I know I'm asking a lot. After all, the brilliant bishop has penned around 200 books in the past five years. Moreover, he's published a little work on Paul which gives us his take on the apostle in summary form. However, I want more. Back in 2003, when Wright completed the third volume in his epochal, apocalyptic, earth-shattering Christian Origins and the Question of God series, we knew there would be a fourth installment, and that this volume would be devoted to St. Paul. Wright has already distinguished himself as perhaps the premiere scholar of his generation. But I'm a man with questions. Wright has doled out appetizers to his readership, but I'm ready for the main course. And when Tom finally does release this tome, I'd be elated if it addressed three questions in particular, one of which I will address today...
Question 1. Why do you define justification as a bare delcaration? Wright states that justification, "is not how someone becomes a Christian. It is the declaration that they have become a Christian
" [What St. Paul Really Said: Was Paul of Tarsus the Real Founder of Christianity? (Grand Rapids: Eerdmans, 1997); 125]. Elsewhere he says that, "...dikaioo is...a declarative word, declaring that something is the case, rather than a word for making something happen or changing the way something is" [“New Perspectives on Paul,” in Justification in Perspective: Historical Developments and Contemporary Challenges, ed. Bruce L. McCormack (Grand Rapids: Eerdmans, 2006); 258]. However, as masterful exegete and blogger extraordinaire Michael Bird states, "this reduces justification to an analytic judgment based upon regeneration...." [The Saving Righteousness of God: Studies on Paul, Justification and the New Perspective (PBM: Eugene, OR: Wipf & Stock, 2007); 103]. The crucial question is this; is God's justifying activity merely declaratory, or does it also bring about a new state of affairs?
In a number of detailed studies, Mark Seidfrid has convincingly argued that the righteousness of God is to be understood against a creational backdrop, and refers to the creative action of God whereby he saves/vindicates his people, judges his (and their) enemies, and establishes justice in the world [“Righteousness Language in the Hebrew Scriptures and Early Judaism,” in Justification and Variegated Nomism: The Complexities of Second Temple Judaism, ed. D.A. Carson, P.T. O’Brien, and Mark A. Seidfrid (vol. 1: Tübingen/Grand Rapids: Mohr Siebeck/Baker Academic, 2001); “Paul’s Use of Righteousness Language Against its Background,” in Justification and Variegated Nomism: The Paradoxes of Paul, ed. D.A. Carson, P.T. O’Brien, and Mark A. Seidfrid (vol. 2: Tübingen/Grand Rapids: Mohr Siebeck/Baker Academic, 2004); 39-74]. When God asserts righteousness by “justifying” his people, this is not a bare verdict, but corresponds to a justifying act/event ("Paul's Use of Righteousness Language," 41). In fact, justification in its forensic sense is intimately bound up with redemption and salvation (Ibid., 41). That Paul understands justification thusly is borne out by his Christological conception of the doctrine. Jesus' death (Rom 5:9) and resurrection (Rom 4:25) jointly comprise the enactment of our justification. Justification for Paul is therefore inextricably tied to an event. Piper [The Future of Justification: A Response to N.T. Wright (Wheaton: Crossway, 2007); 98], believes Romans 5:1 also creates problems for Wright’s view. From his previous argument (1:18-4:25), Paul draws the inference that, on the basis of justification, believers have peace with God. This presupposes that justification effects a situation wherein peace with God is operative. However, this doesn’t make sense within Wright’s construal, for justification is God’s declaration that the believer has already been saved and brought into the family of God. While Wright could respond that this verse refers to believers’ awareness of peace with God, such an interpretation does not appear amenable to the context, which has to do with states of affairs created by God’s righteousness. In short, Wright’s contention that initial justification is simply declaratory assumes that a declaration can exist without a corresponding act or event. The literature of the Old Testament and Second Temple Judaism, as well as Paul's own words, mitigate the plausibility of this interpretation.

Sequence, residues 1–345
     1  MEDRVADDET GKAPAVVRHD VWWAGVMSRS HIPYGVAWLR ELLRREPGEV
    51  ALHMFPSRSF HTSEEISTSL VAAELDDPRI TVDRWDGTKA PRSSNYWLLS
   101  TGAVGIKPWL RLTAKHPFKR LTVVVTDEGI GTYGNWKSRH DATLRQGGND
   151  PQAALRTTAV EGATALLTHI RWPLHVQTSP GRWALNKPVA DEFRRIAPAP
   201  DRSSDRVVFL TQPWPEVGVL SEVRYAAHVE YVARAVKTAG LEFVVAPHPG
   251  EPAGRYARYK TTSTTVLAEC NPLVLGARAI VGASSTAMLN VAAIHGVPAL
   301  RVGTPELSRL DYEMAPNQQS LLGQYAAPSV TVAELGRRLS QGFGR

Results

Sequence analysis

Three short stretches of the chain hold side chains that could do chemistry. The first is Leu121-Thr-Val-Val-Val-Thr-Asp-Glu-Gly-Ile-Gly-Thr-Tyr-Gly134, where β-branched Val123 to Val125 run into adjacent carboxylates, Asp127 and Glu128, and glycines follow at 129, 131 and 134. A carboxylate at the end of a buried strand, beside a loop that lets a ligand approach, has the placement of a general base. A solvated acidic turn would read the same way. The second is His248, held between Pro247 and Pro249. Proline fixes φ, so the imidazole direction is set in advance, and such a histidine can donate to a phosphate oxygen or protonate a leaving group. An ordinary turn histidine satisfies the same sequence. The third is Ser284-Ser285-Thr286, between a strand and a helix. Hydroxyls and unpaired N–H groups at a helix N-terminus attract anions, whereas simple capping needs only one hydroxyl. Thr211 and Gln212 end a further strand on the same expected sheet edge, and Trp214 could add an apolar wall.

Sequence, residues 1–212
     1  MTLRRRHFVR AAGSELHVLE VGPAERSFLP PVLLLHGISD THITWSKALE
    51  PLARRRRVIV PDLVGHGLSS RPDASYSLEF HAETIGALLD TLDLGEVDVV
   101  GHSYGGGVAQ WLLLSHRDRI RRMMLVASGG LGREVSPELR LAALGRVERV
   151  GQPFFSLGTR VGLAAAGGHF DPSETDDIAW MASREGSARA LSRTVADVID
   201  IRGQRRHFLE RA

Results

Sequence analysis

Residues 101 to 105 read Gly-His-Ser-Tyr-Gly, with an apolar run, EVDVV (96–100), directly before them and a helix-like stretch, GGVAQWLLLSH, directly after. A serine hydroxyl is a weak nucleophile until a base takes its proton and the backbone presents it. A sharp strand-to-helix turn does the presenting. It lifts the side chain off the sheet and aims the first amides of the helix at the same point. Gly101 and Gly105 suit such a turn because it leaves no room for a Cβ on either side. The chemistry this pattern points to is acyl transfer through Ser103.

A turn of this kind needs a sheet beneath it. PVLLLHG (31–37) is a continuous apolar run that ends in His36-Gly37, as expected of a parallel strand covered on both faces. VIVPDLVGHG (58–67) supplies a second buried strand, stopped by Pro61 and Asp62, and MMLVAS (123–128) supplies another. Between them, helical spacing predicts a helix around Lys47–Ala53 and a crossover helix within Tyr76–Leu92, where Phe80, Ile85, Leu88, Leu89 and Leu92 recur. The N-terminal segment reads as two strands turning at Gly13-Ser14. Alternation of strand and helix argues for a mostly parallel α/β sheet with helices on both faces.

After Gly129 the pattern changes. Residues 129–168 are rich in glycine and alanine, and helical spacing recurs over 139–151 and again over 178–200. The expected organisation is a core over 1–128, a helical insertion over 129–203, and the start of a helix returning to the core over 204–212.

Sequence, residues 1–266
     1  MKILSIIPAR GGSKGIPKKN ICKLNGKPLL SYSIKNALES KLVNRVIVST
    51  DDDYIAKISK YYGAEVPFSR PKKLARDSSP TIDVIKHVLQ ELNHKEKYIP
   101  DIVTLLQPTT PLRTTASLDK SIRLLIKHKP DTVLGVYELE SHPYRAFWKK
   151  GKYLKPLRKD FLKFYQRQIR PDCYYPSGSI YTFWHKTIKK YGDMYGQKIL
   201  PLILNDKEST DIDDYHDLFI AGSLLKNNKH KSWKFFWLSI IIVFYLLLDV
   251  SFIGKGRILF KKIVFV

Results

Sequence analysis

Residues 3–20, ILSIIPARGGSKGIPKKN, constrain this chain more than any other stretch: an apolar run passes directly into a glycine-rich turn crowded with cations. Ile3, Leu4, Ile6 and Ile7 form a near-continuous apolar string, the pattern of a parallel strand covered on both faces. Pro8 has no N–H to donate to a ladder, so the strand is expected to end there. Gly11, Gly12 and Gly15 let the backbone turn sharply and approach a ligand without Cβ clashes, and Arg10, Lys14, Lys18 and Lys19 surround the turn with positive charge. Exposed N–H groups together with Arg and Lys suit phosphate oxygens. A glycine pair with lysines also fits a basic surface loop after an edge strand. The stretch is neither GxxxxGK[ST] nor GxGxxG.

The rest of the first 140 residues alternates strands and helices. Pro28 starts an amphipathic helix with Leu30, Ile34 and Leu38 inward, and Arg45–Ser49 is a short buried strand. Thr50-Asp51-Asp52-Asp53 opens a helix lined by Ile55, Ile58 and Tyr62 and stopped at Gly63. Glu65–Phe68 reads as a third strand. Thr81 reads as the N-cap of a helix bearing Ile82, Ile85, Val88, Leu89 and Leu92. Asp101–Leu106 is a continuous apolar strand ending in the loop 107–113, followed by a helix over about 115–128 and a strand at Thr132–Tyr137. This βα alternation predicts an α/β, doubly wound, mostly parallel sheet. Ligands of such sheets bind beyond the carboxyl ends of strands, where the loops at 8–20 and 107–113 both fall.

Additionally, Wright might be guilty of inconsistency on this issue. Surprisingly, he acknowledges that God’s declaration in final justification will consist of an event; namely, the resurrection (See N.T. Wright, “New Perspectives on Paul,” 260; this is pointed out by Piper, The Future of Justification, 100). If however God’s act of final justification consists of bringing about a new state of affairs, then it is not a bald declaration that something has happened. Accordingly, should not this caution us from understanding initial justification as a simple declaration that something is the case? Wright suggests that water-baptism is the event which corresponds to initial justification (Ibid., 260), but this begs the question; what changes at the point of initial justification? Wright has yet to explain how justification can sometimes be wholly declaratory, yet at other times refer an event which brings about a new state of affairs.
I'm sure Wright has thought through these objections (he's probably thought through just about everything). I'd just like him to respond to his detractors in greater detail...by Christmas.